Will The Real Edwin Jackson Please Stand Up?

By Kyle Johansen

After a 5.16 ERA and 1.50 WHIP in 134 innings for the Arizona Diamondbacks in ‘10, Edwin Jackson transformed into a completely different pitcher after a deadline deal to the White Sox.  In 75 IP Jackson put up a 3.24 ERA and 1.21 WHIP including three straight starts in August with double digit strikeouts.  The main driver of Jackson’s turnaround was his command, with a strikeout rate improving from a 7.0 K/9 in the NL to a 9.2 K/9 in the AL while his walk rate went from a 4.0 BB/9 with Arizona to a 2.2 with the White Sox. 

The lower walk rate is believable after Jackson posted a 2.9 BB/9 in 2009 for Detroit.  There is a clear trend here, as Jackson also lowered his walk rate from 4.9 in 2007 to 3.8 in 2008.  There also is the fact that when the White Sox traded for Jackson, they claimed to have seen something in his approach that could be altered.  Needless to say, Jackson’s results in a tougher league and home stadium seem to legitimize this claim. 

While Jackson’s fastball has consistently registered right around 94 MPH, he has never piled up the strikeouts with a career 6.68 K/9 in 879 IP.  Has White Sox pitching coach Don Cooper really changed some aspect of Jackson’s game that made him a strikeout per inning pitcher?  The evidence says yes.

For starters, Jackson was either more aggressive with the White Sox, or there was more of an emphasis on throwing first pitch strikes as his rate went from 56.2% with Arizona to 58.7% with the White Sox (career 55.0%).

With the Diamondbacks Jackson threw his fastball 62.0% of the time with an average speed of 94 MPH, while throwing his slider on 25.9% of his pitches at an average speed of 85.4 MPH.  This percentage of fastballs was right in line with his past three seasons, each featuring the heater in over 60% of his pitches. 

On the White Sox, this number fell to 54% and the average speed of his fastball ticked up to 95.3 MPH.  With the drop in fastballs, his slider usage went through the roof, to 36.1%.  It was also clocked over two miles per hour faster than with the Diamondbacks at 87.6 MPH.

Using FanGraphs Pitch Type Values it’s clear that Jackson’s slider is by far his most effective pitch, so throwing it more often would seem to be an obvious move.  This trend began in 2009 when Jackson’s slider usage increased from 21.8% to 27.4%.  Is it a surprise then that 2009 was Jackson’s best season to date?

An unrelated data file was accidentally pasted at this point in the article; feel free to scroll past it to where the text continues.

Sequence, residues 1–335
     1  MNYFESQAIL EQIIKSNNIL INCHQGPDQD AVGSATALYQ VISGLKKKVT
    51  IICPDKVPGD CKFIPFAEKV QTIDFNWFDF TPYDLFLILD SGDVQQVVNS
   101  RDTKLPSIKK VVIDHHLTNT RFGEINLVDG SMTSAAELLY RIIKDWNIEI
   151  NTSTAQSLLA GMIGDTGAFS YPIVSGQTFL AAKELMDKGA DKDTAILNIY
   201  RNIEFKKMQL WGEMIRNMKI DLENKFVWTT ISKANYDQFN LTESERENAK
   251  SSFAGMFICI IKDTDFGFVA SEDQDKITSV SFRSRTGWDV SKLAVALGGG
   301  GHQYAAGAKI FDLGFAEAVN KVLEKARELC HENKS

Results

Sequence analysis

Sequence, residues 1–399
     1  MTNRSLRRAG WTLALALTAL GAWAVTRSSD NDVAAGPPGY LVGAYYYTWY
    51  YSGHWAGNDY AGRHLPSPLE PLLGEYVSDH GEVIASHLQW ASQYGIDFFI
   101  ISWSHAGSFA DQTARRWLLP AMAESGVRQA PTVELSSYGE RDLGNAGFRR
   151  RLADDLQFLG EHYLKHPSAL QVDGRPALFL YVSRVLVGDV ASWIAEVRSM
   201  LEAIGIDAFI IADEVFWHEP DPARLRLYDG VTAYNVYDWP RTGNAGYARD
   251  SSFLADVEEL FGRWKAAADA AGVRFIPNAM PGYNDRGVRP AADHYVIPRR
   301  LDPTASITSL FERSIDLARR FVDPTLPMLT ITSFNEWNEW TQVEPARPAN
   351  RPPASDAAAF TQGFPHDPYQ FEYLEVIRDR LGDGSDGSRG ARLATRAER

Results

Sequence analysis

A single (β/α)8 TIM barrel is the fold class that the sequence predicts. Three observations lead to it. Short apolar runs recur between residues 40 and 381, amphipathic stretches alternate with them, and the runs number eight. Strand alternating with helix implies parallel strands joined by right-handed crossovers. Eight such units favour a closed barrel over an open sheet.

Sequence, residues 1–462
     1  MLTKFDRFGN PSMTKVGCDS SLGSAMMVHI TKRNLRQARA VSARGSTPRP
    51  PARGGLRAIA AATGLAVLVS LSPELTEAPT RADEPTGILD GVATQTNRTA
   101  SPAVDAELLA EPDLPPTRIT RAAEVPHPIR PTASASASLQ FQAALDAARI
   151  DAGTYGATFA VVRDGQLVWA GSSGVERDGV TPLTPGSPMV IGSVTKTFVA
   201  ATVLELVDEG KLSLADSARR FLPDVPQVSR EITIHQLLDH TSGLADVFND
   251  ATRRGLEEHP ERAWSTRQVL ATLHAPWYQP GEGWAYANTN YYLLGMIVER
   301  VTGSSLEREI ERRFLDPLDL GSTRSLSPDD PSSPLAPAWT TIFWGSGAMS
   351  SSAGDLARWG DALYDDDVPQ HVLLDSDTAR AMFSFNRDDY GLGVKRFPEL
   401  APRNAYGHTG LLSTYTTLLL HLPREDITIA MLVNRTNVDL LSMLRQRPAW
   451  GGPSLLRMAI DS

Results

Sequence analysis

While a veteran of eight years, Jackson is still only 27-years old and to this point is still developing as a pitcher. While one has to expect Jackson’s K/9 (9.2) and BB/9 (2.2) with the Sox to regress a bit due to the league and home stadium, his strikeout rate is on the rise while his walks are decreasing.  You can’t really ask for anything more.

Consider this: with a career K/BB of 1.73, last year with the White Sox Jackson’s K/BB shot up to 4.28.  Again, this was accumulated in just 75 innings of work, but an extreme gain like this should not be ignored.  Also consider that despite Jackson’s struggles in Arizona and 4.47 ERA on the year, his FIP at the end of the year was 3.86 with an xFIP of 3.85. 

Add in a ground ball rate approaching 50% and quality home run prevention at just 0.90 HR/9 and there is a lot to like. Jackson should provide a good amount of strikeouts and a usable ERA while pitching for a potent offense.  If the improved control sticks, he could also produce a sub-1.30 WHIP.

With an ADP of 192 I see Jackson as a bargain, but not a huge value.  Going a few picks before him are John Axford and Jeremy Hellickson, both solid choices and definite values who I’d take over Edwin.  If Jackson is sitting there in the 16th round though, he’s a nice upside play to round out your rotation.

What are your thoughts on Jackson?  Is his time with the White Sox the new Jackson?  Is he a player you would target?

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